Abu Bakarr Tarawally: Sierra Leone Telegraph: 24 February 2020:
The 2019 Taxation Perception Survey (TPS) Report was launched in Freetown today. It is the product of a research undertaken by the Public Financial Management (PFM) consortium, led by Christian Aid Sierra Leone, and four other partners including the Budget Advocacy Network, Restless Development and the Centre for Accountability and the Rule of Law (CARL).
These are Non-Governmental organizations and civil society groups that are working to strengthen all aspects of public accountability, transparency and participation of the citizenry in all matters dealing with Public Financial Management in Sierra Leone.
They are responsible for implementing a Project titled: “Strengthening Public Financial Management, Anti-Corruption and Accountability Institutions in Sierra Leone,” with support from UK Aid, based on the need to monitor how the government is utilizing taxes that citizens are paying, and what impacts the spending of taxes are making on the overall national development of Sierra Leone.
A good portion of taxes collected by the government is derived from businesses; salaries of civil servants and public sector workers; private sector employees; entertainment; entrepreneurs; petty traders; investment companies and the likes.
It is therefore important to understand tax payers’ wider views of government and how this relates to their attitudes and motivation towards paying taxes.
The government relies on the National Revenue Authority (NRA) and other revenue collecting institutions for the funds that are allocated to the Ministries, Departments and Agencies (MDAs) for the running of the business of government to ensure national development.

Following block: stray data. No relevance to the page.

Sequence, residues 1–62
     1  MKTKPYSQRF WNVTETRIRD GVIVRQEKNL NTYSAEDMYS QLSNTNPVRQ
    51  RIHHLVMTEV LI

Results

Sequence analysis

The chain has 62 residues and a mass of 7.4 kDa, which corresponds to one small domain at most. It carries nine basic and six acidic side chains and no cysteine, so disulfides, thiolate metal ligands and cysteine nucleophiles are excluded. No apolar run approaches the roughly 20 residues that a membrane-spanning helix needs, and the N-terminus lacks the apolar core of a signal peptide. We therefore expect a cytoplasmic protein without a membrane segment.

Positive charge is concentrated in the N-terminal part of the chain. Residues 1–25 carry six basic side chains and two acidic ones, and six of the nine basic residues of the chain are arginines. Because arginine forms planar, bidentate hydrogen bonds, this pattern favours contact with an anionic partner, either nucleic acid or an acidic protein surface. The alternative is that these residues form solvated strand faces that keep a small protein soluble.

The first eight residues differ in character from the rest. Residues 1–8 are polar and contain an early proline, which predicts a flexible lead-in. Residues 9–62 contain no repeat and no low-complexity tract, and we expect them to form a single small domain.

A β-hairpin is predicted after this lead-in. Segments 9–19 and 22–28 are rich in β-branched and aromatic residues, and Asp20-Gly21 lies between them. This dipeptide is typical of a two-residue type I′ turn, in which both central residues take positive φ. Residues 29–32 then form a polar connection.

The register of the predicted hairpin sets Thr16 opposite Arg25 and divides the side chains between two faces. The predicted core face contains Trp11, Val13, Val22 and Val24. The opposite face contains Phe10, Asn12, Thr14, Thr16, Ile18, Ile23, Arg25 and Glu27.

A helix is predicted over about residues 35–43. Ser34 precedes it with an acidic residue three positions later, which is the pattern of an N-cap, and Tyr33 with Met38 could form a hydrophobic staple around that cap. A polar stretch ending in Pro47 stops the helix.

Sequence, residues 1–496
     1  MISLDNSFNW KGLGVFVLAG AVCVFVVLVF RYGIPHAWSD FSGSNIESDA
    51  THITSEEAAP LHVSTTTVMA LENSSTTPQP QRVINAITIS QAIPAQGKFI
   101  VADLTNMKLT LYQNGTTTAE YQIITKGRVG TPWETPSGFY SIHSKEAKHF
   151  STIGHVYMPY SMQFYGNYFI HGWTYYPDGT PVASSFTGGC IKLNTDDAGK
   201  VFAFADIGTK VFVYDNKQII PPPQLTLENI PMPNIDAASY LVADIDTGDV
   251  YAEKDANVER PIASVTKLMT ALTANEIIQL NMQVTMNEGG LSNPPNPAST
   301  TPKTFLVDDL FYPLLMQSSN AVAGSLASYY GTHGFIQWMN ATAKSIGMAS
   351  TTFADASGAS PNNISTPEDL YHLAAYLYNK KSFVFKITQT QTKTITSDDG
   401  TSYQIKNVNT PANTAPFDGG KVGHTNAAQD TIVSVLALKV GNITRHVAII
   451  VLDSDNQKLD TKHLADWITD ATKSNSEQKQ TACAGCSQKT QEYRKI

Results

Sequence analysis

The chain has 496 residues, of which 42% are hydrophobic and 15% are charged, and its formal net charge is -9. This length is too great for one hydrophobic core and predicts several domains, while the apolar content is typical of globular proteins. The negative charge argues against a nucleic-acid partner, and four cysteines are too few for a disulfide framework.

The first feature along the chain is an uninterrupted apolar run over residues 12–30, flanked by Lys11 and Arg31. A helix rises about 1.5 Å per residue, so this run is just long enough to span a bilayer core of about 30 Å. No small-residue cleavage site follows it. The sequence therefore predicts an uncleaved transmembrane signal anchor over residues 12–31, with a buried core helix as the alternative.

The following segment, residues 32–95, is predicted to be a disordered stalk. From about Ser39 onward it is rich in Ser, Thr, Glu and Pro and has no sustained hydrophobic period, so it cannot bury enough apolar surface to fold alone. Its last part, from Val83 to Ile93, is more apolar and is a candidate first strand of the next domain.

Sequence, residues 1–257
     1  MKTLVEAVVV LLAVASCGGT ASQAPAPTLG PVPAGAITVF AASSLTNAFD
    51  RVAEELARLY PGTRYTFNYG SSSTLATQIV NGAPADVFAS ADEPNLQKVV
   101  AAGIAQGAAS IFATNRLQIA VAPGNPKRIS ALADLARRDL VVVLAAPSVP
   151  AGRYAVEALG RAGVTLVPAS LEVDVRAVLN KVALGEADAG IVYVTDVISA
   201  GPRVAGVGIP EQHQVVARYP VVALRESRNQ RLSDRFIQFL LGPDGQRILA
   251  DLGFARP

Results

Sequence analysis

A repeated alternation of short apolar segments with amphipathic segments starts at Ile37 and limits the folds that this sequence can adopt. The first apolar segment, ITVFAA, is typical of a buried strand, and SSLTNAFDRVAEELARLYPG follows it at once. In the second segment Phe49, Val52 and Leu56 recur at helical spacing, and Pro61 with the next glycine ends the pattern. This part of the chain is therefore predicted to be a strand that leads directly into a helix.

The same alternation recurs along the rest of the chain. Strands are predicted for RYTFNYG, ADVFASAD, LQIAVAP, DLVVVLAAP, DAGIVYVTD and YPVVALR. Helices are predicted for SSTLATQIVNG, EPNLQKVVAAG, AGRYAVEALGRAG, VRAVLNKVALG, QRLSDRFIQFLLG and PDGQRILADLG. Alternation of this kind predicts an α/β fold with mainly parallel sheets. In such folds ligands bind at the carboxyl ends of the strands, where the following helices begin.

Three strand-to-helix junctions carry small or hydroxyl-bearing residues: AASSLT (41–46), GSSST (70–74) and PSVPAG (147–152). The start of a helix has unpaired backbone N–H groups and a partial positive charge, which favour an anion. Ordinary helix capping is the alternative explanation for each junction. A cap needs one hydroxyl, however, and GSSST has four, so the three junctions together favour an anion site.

The NRA has been hitting various revenue collection targets – currently running into Trillions of Leones. Government’s expenditure is improving in line with its revenue generating targets.
But to what extent does the revenue generated from taxation benefits the citizens?
The findings of the TPS report state that 34% of the 2,755 tax payers interviewed in the perception survey think that the government is using tax revenues in the right and correct way.
25% said corruption in government demotivates them from paying taxes and cause them to under-declare their taxable income.
Questioned about strengthening social contract on taxation and the provision of public services, 45% of businesses said that they pay their taxes because it contributes to the provision of public services such as the Free Quality Education and roads.
(Correction): 79% of businesses said if they had seen more services being delivered in their area by the local council, they would be willing to pay more taxes.
Almost all business tax payers that took part in the survey said that taxes are too high; and that authorities in charge of state resources are mismanaging the country’s revenue.
(Correction): 37% of businesses said they didn’t pay taxes; and 72.9% of these businesses who didn’t pay taxes, said it was because the rates were too high.
The current government has made revenue mobilization a key priority, and is aiming to achieve a domestic revenue – to – GDP ratio target of 20 % by 2023. Current revenue to GDP ratios is well below this target, although recent reforms are starting to take effect.
Domestic revenue is the main source of government revenue, needed to provide essential public services and reduce poverty as outlined in the Medium-Term National Development Plan (MTNDP).
Current domestic revenue falls short of the levels required to meet the Government’s development aspirations.
The survey targeted a total of 2,755 businesses across the 16 administrative districts of the country; and achieved a response rate of 98.4 %. It collected data from businesses on their perceptions, knowledge, attitudes and practice in relation to taxes; the tax system; services; accountability in the use of taxes by the government; tax administration reforms; and the conduct of the staff of the NRA and local council when carrying out tax administration processes.
The survey covered a range of business types, excluding the UN Agencies, Non-Governmental Organizations (NGOs), Community Based organizations or CBOs (except for those that are directly engaged in the production and distribution of goods and services in their localities), and MDAs.
You can read the Report here:
About the author
Abu Bakarr Tarawally is Policy Analyst at the Budget Advocacy Network Sierra Leone.